Rail Innovation Timeline – 1800s
FreightWaves Classics/Pioneers: Edward G. Budd transformed the railroad and automobile industries (Part 3)
Minneapolis, MN: CB&Q Coach Yard
Minneapolis, MN: CGW Boom Island Railyard and Roundhouse
Minneapolis, MN: Great Northern Yard and Grain Elevator
San Francisco, CA: Bethlehem Ship Yard at Pier 70
FreightWaves Classics: Refrigeration helped railroads move fresh food nationwide (Part 2)
Hoboken, NJ: Lakawanna/DL&W Ferry Terminal
St. Paul, MN: 1885 Northern Pacific Como Yard and Car Shop
Swan Song for NYCT ‘Brightliners’
Vision 2025, the £55m transformation of the National Railway Museum in York and Locomotion in Shildon, is our five-year journey to become the World’s Railway Museum. It is a once-in-a-generation opportunity to connect the past with the present to inspire the innovators, the engineers and the problem-solvers of the future.
So, it’s only right that environmental sustainability is embedded into this journey. It colours and informs our approach for design, construction, operation and engagement.
Central Hall interior. Credit: Feilden Fowles
Natural materials, passive design and minimal intervention are our guiding principles. Central Hall, a new building that will be at the heart of visitor’s welcome, is a pioneering example of sustainable design, using a wooden structure and natural light. It will demonstrate a holistic approach to creating and operating a building with minimal environmental impact.
Central Hall exterior. Credit: Feilden Fowles
We will be working closely with our new term maintenance contractor, CBRE, to ensure that the operation of the buildings is considered during design. Through re-use of our current infrastructure and minimising new construction, we will identify the balance between embodied carbon and longevity.
Vision 2025 will play a really important role in reducing our scope 1 and 2 direct carbon emissions in York and in Shildon—most of which comes from use of natural gas for our heating.
To reduce energy demands of existing buildings—where roofs are replaced, we will do so with improved insulation and where current heating systems are updated we will seek to replace these with more efficient systems, lessening our dependency on gas boilers where possible.
Gas accounts for over three quarters of the operational carbon footprint at NRM and Locomotion, so investment in alternative heating technology will be a significant step in reducing our carbon footprint.
In line with the Estate Decarbonisation Strategy, Vision 2025 will create a site-wide Masterplan for Energy and carbon reduction. This will address four key areas of improvement: building fabric, heating appliances, management systems and monitoring.
South Yard concept design. Credit: Gustafson, Porter & Bowman
Development of the York Central site—our new neighbourhood—will transform former industrial areas into new green spaces, providing access to nature—supporting physical and mental wellbeing for our visitors, our local residents, and for all of those who work at the National Railway Museum.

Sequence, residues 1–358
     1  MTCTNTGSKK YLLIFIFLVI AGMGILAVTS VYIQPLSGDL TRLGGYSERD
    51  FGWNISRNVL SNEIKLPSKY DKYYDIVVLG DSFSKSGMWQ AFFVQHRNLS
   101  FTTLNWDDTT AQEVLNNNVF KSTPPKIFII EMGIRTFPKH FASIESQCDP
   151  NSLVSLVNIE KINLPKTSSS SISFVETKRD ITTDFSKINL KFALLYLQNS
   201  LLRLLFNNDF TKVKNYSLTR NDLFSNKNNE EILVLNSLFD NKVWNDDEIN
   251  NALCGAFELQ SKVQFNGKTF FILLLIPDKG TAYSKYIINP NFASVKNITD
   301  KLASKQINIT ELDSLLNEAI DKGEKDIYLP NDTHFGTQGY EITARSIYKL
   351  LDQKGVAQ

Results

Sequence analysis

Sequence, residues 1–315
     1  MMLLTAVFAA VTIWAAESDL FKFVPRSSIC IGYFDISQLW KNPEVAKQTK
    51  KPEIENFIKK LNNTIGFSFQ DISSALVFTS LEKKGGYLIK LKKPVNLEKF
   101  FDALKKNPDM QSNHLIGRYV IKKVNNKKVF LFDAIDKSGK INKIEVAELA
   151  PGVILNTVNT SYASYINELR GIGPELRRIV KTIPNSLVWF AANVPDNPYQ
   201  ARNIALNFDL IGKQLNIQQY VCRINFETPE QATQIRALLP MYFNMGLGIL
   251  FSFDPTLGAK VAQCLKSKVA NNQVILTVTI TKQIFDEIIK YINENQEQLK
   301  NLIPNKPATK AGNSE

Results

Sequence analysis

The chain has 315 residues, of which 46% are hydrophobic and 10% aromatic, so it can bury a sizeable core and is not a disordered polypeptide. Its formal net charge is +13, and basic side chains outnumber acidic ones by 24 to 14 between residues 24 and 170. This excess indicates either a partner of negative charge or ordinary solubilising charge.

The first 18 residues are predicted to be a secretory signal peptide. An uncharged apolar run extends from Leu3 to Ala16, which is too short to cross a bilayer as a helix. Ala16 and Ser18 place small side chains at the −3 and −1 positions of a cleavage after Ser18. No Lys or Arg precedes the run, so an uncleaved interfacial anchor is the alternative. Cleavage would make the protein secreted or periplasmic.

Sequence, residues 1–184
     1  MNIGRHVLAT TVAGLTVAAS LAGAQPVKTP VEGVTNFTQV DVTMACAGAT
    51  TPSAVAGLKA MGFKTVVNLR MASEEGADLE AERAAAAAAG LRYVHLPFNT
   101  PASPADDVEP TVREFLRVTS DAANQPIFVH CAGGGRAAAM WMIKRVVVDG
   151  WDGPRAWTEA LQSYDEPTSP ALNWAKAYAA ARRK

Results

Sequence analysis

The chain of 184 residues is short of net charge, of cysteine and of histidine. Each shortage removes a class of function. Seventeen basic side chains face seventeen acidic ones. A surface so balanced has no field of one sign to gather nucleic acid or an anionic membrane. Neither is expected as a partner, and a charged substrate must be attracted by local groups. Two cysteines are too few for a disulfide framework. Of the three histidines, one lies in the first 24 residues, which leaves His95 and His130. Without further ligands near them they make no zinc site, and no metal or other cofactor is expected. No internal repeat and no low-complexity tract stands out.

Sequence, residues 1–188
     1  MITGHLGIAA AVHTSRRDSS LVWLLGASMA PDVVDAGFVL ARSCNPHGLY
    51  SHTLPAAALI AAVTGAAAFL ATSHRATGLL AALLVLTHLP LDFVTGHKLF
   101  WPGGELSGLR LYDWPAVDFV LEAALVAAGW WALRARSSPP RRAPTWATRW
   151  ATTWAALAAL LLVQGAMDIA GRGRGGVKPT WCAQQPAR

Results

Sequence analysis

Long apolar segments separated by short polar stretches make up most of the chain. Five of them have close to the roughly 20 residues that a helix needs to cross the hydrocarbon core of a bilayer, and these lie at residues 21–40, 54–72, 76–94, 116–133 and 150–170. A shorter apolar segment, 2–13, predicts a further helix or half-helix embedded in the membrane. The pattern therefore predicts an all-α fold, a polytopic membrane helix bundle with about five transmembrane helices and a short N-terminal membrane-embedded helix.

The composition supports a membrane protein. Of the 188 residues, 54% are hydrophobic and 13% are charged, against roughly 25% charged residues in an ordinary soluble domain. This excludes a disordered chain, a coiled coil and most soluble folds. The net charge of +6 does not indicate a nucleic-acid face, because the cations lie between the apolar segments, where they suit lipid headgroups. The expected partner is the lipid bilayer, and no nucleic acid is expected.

At Locomotion environmental considerations were built in from day one, when the Welcome building was designed 16 years ago it has solar cells on the roof and underfloor heating.
Locomotion building two. Credit: Feilden Fowles
Through Building Two we will build on this legacy, implementing a design with minimal need for mechanical heating and cooling. To support the additional electricity demand from alternative heating methods, we will also explore the viability of renewable electricity, making future installations much easier and cost-effective.
Locomotion wildflower meadow
We have been improving our green space at Locomotion for several years including the introduction of wildflower planting and we will grow this legacy across both museum sites, drawing links between nature and the railways who are responsible for forging green corridors across the country.
Just a word now, on steam.
I very strongly believe that the museum’s journey towards net zero is not incompatible with operating working steam locomotives. We are committed to the continued operation of rail vehicles, including steam locomotives, at the National Railway Museum, Locomotion and Science and Industry Museum.
What I want to stress is the incredibly positive role that working steam engines can play in bringing the collection to life and to inspire and educate our visitors. People expect to see a railway locomotive at work and enjoy being able to travel behind one in operation.
And beyond our museums, we will continue limited main line rail operations with locomotives such as Flying Scotsman and Oliver Cromwell. We’ve enjoyed a long history of lending these ambassadors of our collection for operation to museums and heritage railways up and down the country, and this will continue, creating valued relationships and growing new audiences.
We are working hard to understand the full environmental impact of steam locomotives across the country; however, our current estimate is that operating rail vehicles account for 3% of our overall carbon footprint.
But there is always more we can do. Our strategy focuses on engines that use less coal, and run cleaner and we are working with heritage railways and our partners in the rail industry to find most sustainable way to source coal, as well as exploring the use of synthetic coal—where this can be produced sustainably.
At the risk of repeating myself, Vision 2025 really is a once-in-a-generation opportunity.
Like the climate challenge we all face, our response to this opportunity is driven by a sense of urgency and purpose: to think big, to be a responsible tenant in our small patch of this planet, and to leave a positive legacy for those who follow.
This article first appeared on blog.railwaymuseum.org.uk
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